The medical profession needs to do its share, both clinically and in terems of advocacy, to ensure that dying patients are provided optimal treatment for
these discomforts, both physical and emotional."
Lainie

Posted Thu, Sep 18, 4:26 p.m. Inappropriate

RE: Matt:: Whatever. I've known someone die slowly in pain that didn't have the option of taking their own life.

It's criminal that our society forces people to go through this. There is no palliative care that's good enough for end-stage cancer. Please tell me when it's my turn you won't force me to lay drugged up and in pain for my last weeks on earth. Waterboarding is a far preferable form of torture to what we make our elderly go through. I'm glad Piper's mother was tough enough to take it. It's scarring when they're not.

Posted Thu, Sep 18, 5:30 p.m. Inappropriate

RE: It's interesting that the American Medical Association: "The medical profession needs to do its share, both clinically and in terms of advocacy, to ensure that dying patients are provided optimal treatment for these discomforts, both physical and emotional," but they haven't in the past, don't now and show no inclination to so in the future. They are more afraid of the Feds coming after them for over prescribing narcotics than they are concerned for the welfare of their patients and those last days of life are very profitable for hospitals and the attending physicians. Greed and cowardice overwhelm human compassion in the majority of cases.

Posted Thu, Sep 18, 6:05 p.m. Inappropriate

Matt,: you can always move to Oregon in your last days.

Or the Netherlands where the slippery slope that doesn't exist seems to have made it there.

The longest experience we have with assisted suicide is in the Netherlands, or Holland, where active euthanasia as well as assisted suicide have been legally tolerated for more than 25 years.

The Netherlands has become a frightening laboratory experiment because assisted suicide and euthanasia have grown from a rare occurrence to standard practice that claims thousands of lives each year. At the same time, improvements in pain management and palliative care have slowed.

"Pressure for improved palliative care appears to have evaporated," according to Herbert Hendin, M.D. Dr. Hendin is a Director of Suicide Prevention International and was formerly the Medical Director of the American Foundation for Suicide Prevention.

"Over the past two decades," Hendin continued, "the Netherlands has moved from assisted suicide to euthanasia, from euthanasia for the terminally ill to euthanasia for the chronically ill, from euthanasia for physical illness to euthanasia for psychological distress and from voluntary euthanasia to nonvoluntary and involuntary euthanasia.

"Once the Dutch accepted assisted suicide it was not possible legally or morally to deny more active medical (assistance to die), i.e. euthanasia, to those who could not effect their own deaths. Nor could they deny assisted suicide or euthanasia to the chronically ill who have longer to suffer than the terminally ill or to those who have psychological pain not associated with physical disease. To do so would be a form of discrimination.

Involuntary euthanasia has been justified as necessitated by the need to make decisions for patients not [medically] competent to choose for themselves."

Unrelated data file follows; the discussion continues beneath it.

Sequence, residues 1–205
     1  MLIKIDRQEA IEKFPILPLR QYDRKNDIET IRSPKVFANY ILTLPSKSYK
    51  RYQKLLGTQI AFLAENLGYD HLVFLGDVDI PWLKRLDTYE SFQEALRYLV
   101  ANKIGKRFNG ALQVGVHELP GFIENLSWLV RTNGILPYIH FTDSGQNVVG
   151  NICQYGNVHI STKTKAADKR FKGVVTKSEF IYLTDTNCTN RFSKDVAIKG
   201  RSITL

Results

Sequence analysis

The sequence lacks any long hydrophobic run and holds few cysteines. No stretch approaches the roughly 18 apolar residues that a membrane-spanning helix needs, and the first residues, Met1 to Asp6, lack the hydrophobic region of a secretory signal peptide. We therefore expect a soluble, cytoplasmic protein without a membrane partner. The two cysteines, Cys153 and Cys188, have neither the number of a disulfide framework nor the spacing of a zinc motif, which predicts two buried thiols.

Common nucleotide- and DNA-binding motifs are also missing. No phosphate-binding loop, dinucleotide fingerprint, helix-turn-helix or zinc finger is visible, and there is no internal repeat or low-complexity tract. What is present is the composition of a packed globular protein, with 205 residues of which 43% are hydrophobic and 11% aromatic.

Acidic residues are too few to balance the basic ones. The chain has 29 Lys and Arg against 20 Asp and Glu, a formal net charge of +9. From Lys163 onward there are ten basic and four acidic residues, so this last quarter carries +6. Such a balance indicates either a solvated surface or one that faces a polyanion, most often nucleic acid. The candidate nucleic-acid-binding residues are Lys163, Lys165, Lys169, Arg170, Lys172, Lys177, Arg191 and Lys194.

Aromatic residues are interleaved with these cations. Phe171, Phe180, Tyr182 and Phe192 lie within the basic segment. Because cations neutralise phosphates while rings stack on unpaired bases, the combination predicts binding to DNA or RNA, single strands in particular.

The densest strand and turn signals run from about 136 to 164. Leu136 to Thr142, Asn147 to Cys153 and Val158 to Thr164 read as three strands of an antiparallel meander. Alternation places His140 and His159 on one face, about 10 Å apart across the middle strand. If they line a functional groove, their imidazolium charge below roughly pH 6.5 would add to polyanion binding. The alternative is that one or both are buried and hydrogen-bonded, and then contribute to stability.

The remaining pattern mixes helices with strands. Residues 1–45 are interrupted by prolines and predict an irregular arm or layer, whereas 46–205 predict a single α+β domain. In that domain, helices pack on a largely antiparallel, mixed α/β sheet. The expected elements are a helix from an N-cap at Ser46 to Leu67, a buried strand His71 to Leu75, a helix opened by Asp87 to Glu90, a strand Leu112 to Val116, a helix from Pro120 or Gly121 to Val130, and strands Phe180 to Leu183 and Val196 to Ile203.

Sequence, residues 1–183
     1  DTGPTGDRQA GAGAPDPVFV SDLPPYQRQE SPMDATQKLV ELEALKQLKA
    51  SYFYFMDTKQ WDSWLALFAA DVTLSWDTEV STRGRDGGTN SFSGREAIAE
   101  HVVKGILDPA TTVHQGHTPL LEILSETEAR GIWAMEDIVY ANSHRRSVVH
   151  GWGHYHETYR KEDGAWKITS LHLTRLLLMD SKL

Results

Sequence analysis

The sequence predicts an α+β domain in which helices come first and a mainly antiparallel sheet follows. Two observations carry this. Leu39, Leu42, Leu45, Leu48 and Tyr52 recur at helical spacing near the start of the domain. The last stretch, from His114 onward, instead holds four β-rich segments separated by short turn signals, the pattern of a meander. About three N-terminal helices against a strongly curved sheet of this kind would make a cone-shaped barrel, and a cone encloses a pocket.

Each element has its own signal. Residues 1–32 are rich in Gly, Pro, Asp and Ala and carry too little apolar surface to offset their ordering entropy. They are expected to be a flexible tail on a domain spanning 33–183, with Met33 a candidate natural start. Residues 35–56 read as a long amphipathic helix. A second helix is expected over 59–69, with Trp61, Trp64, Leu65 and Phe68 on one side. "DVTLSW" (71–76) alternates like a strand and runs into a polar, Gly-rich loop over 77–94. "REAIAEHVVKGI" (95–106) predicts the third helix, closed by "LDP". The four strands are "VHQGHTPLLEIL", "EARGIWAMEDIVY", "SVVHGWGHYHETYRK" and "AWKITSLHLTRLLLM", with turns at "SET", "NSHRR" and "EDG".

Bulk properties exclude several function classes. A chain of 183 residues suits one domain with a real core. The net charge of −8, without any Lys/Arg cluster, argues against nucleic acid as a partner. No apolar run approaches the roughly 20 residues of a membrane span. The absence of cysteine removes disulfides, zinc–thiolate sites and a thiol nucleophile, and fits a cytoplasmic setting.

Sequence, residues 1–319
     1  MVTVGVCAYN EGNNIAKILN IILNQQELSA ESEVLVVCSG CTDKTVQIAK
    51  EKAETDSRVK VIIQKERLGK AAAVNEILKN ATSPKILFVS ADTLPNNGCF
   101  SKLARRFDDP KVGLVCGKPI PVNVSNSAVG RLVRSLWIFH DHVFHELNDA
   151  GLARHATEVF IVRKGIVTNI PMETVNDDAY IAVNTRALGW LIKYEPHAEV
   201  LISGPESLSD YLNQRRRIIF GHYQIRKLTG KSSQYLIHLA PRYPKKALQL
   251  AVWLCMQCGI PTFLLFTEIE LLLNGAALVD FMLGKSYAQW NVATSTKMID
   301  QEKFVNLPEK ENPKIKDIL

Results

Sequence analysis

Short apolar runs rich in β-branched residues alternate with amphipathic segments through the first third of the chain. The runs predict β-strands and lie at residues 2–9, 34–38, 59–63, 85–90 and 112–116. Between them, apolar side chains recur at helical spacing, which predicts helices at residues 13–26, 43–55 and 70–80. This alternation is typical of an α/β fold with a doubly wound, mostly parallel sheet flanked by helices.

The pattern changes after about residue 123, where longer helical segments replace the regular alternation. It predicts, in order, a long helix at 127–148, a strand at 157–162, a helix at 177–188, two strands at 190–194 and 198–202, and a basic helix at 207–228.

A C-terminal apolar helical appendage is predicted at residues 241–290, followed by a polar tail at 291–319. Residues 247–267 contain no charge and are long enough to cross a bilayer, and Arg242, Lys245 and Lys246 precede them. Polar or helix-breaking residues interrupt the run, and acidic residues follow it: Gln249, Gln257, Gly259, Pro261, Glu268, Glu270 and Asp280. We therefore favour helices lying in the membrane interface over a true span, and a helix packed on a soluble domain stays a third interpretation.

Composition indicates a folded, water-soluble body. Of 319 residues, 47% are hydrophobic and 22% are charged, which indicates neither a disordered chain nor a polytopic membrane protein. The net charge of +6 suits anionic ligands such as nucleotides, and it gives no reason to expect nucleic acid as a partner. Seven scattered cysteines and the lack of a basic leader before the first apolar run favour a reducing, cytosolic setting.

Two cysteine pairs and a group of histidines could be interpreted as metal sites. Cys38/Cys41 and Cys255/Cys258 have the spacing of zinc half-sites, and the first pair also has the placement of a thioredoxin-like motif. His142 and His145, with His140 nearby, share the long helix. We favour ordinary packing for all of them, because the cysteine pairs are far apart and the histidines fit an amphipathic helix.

Research shows that, for one thousand people a year in the Netherlands, physicians have ended their patients' lives without any request from or consultation with the patients.

Even Booth Gardner, assisted-suicide advocate, admitted that it's only the beginning - in other words, begin with the terminally ill and progress to the reality in the Netherlands.
Lainie

Posted Thu, Sep 18, 6:14 p.m. Inappropriate

ratcityreprobate,: I suppose it became fashionable to claim compassion when people want to murder the truly innocent - the unborn. Now that has morphed to the terminally ill.

That those in the medical community are against assisted suicide ought to be a clue that they don't want to kill people. (Of course abortionists aren't in this group but they are miscreants schooled in Peter Singer and radical feminist philosophy).

We do not have a right to ask healers to be killers. If people want to kill themselves they can, and have, in many different ways. If they want to legally kill themselves maybe they ought to be taken down to the nearest Planned Parenthood abortion clinic and ask the doctor's there to do it and report their death as an abortion. Since they aren't regulated, they could get away with it.
Lainie

Posted Thu, Sep 18, 6:16 p.m. Inappropriate

Washington State residents: didn't ask for an assisted-suicide initiative. Portland based Death with Dignity National Center (DDNC), along with Compassion & Choices (formerly the Hemlock Society), devised a plan in 2005 called "Oregon plus One" to break the logjam after 21 states have refused to pass a physician-suicide law.

It is based on the premise that if just one more state follows Oregon's lead, then other states will fall in line. The plan was put into effect in early 2006. In its 2007 annual report, the DDNC noted that it had spent a year researching and collecting data to determine which state was most likely to adopt a Death with Dignity law and through those efforts, identified Washington as that state.

After choosing Washington as the target state, they have directed $1.5 million in the campaign to get the law on the ballot.

I-1000 is worse than Oregon's law:

1. It requires physician's to lie about the true cause of death when a person commits suicide. Washington State Medical Association president, Brian Wicks, M.D., described the requirement in a WSMA press release opposing the initiative:

"Under I-1000, if a physician prescribes a lethal overdose, when that physician completes the death certificate, he or she is required - actually required - to list the underlying disease (say lung cancer) as the cause of death, even when the doctor knows full well that the patient died due to the suicidal overdose he or she prescribed. To my knowledge there's no other situation in medicine in which the death certificate is deliberately falsified - and in which this falsification is mandated by law."

2. No person will be subjected to civil or criminal liability if they acted in "good faith" in relation to this law. There is no definition of "good faith" so it can mean anything or everything. (See Section 19 of I-1000).